June 2005 
Volume 04, Issue 2 
Integrated Defense Systems

Ready for the test

Ready for the test

767 tanker/transport begins certification program with its first post-modification flight


Only three months after its public debut, the KC-767A tanker/transport reached another milestone in May with a successful first flight after modifications.

The aircraft's flight of more than an hour over the Great Plains marked the official start of its flying and aerial refueling certification test program. The first-of-its-kind, advanced aerial tanker will continue a rigorous testing and certification process for about 10 months before being delivered to the Italian air force in spring 2006.

Italy #1, as it is known, lifted off May 21 from McConnell Air Force Base in Wichita, Kan. Boeing employees, customers and suppliers viewed the event, including members of the on-site partner team from Aeronavali, which will lead modifications of the next Italian tankers at its facilities in Naples, Italy. The flight marked yet another accomplishment for Boeing and teammates who work on the program, which also showcases strategic cooperation between Integrated Defense Systems and Commercial Airplanes.

"We have put a lot of energy and tanker know-how into this aircraft," said Jim O'Neill, Boeing vice president and Tanker program manager. "To see it fly is a testimony to the dedication of many teammates and supplier partners whose skills in aerial tanker production made this milestone possible."

Lt. Col. Roberto Poni, the on-site Italian air force liaison officer to the tanker program, echoed O'Neill's sentiments about the KC-767A.

"We are extremely proud of the progress on the KC-767A," Poni said. "We have together managed some significant challenges, and together we will perfect this much-needed asset—the world's most advanced aerial refueling tanker."

The Italian air force helped launch the tanker program in 2001 with an order for four KC-767s. In July 2003, the first tanker left the Boeing production line in Everett, Wash., for the Boeing-Wichita Development and Modification Center. Boeing teammates in Wichita transformed it into a military tanker. The Japan Air Self Defense Force also has ordered the KC-767 to meet its aerial refueling requirements.

"Boeing has a great launch customer in the Italian air force," O'Neill said. "They and our Japan customer will provide the world with a completely new and efficient aerial refueling aircraft and capability. We have designed capabilities into this aircraft that are uniquely suited for the security needs of today and tomorrow."

After the May 21 flight, the tanker was sent to Louisiana for painting and Italian markings.

The aircraft's next big event is at this month's Paris Air Show, where it will make its European debut. The aircraft is expected to garner wide attention at the show, including that of key government officials, potential customers, industry representatives and suppliers from around the world.

"Nearly four years of hard work have gone into making this first flight happen," said George Muellner, vice president and general manager of Boeing Air Force Systems. "This is an important milestone for our customer, the Italian air force, and for all Boeing employees and suppliers involved in this program."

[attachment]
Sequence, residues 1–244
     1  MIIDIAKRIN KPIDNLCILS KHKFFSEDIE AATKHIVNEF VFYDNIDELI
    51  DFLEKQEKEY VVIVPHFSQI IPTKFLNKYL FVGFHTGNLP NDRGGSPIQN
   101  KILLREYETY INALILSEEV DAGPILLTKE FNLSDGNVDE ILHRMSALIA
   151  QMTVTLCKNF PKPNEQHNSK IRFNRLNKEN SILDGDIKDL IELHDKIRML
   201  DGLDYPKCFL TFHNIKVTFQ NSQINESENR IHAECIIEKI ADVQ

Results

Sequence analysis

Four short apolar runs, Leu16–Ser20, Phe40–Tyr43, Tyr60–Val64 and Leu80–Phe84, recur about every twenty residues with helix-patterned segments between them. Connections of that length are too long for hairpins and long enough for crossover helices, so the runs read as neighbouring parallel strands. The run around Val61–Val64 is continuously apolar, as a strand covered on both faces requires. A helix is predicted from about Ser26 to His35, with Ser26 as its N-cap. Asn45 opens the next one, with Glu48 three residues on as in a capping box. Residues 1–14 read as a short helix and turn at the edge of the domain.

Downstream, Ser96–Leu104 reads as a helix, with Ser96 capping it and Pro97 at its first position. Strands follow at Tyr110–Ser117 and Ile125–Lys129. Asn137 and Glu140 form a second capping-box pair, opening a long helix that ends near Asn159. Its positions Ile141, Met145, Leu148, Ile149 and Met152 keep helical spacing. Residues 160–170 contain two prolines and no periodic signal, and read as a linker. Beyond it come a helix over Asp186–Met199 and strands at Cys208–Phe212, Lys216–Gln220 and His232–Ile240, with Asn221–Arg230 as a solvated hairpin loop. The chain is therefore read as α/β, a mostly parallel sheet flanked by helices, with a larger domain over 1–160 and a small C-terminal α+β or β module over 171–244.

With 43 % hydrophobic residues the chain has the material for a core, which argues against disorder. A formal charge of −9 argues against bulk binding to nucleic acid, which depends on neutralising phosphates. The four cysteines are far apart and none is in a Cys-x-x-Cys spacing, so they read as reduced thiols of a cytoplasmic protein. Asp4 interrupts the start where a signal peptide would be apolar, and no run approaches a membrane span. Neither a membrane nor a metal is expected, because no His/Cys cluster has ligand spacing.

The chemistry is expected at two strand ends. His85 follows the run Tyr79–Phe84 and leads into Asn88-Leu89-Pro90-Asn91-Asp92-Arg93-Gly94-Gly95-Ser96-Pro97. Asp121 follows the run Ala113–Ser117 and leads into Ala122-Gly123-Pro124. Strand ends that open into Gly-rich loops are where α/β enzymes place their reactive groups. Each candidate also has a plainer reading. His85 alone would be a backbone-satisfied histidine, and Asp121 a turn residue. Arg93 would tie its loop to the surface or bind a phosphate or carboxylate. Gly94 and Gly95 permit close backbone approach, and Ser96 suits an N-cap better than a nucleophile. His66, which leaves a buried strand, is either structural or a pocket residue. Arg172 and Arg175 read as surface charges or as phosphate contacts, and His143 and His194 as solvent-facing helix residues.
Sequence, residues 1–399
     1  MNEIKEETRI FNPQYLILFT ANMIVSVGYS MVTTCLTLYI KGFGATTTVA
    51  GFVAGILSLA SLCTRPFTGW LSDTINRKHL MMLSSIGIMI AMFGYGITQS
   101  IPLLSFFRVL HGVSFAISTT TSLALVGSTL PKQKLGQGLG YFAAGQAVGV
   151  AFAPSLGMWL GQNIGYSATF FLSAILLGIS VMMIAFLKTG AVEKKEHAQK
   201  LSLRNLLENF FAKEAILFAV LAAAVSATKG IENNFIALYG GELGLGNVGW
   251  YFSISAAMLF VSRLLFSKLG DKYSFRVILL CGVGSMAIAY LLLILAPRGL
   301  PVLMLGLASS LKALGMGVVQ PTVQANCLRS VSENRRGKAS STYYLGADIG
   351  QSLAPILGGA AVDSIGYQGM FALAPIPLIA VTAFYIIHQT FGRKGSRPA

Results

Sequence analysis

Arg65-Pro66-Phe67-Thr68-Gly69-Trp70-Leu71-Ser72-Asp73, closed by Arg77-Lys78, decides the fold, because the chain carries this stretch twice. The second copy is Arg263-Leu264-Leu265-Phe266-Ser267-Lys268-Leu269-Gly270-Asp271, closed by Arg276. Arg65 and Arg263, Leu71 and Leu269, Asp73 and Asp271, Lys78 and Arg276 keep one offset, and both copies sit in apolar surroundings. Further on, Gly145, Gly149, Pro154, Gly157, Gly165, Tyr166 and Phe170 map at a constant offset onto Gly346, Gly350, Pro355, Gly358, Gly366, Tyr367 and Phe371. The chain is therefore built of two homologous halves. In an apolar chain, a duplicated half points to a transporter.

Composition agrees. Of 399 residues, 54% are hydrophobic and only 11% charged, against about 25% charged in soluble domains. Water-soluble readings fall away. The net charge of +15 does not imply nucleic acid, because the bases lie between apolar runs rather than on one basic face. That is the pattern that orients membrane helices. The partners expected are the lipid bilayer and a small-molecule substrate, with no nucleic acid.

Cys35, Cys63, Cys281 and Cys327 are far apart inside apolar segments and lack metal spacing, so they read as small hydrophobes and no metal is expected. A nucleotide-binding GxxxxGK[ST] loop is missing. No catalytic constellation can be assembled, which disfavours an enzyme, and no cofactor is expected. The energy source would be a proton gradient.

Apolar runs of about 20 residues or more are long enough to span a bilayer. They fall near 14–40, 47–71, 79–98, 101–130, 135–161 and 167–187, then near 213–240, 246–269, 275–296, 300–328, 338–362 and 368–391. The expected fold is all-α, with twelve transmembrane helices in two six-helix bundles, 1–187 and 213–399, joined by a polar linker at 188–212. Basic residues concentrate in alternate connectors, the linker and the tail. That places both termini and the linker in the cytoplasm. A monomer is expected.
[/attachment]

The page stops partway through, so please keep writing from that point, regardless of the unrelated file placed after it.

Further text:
Agostino Melani, chief executive officer of Aeronavali, noted the long-term relationship between his company and Boeing.

"This program confirms the excellent results of our partnership on both military and commercial programs, from engineering activities to final assembly, tests and certification. The Italian air force's choice of this tanker represents an important commitment for the future of this successful program," Melani said.

A few days before Italy #1's first flight, the Italian air force's second KC-767A tanker was inducted into the aircraft modification center at Aeronavali in Naples. During the next 15 months, a joint Boeing-Aeronavali team will transform the 767 into an aerial tanker. Italy #2 is slated for a spring 2007 delivery to the Italian air force. The structural and system modifications are extensive, but through open-architecture systems, new technologies can be integrated with ease as they become available.

When Italy #1 was rolled out in February, nearly 1 million engineering hours and 200,000 manufacturing hours already had gone into the program. These numbers continue to grow, a testament to the complexity of the tanker and its advanced capabilities.

In addition to pushing Boeing and Aeronavali to new levels of technology and know-how, the program incorporates full integration and Lean manufacturing processes.

O'Neill and Boeing employees from Everett to Wichita stand ready for new orders.

"We are ready to provide the most advanced aerial tanker solution," O'Neill said. "This is the most modern and capable—and affordable—refueling tanker in the world. It has the ability to refuel all types of aircraft from the NATO nations. We're positioned well for serving future customers."

Boeing, with more than 60 years' aerial refueling technology experience and 90 years of experience in building airplanes, O'Neill said, has the people and the skills to meet any customer's expectations.


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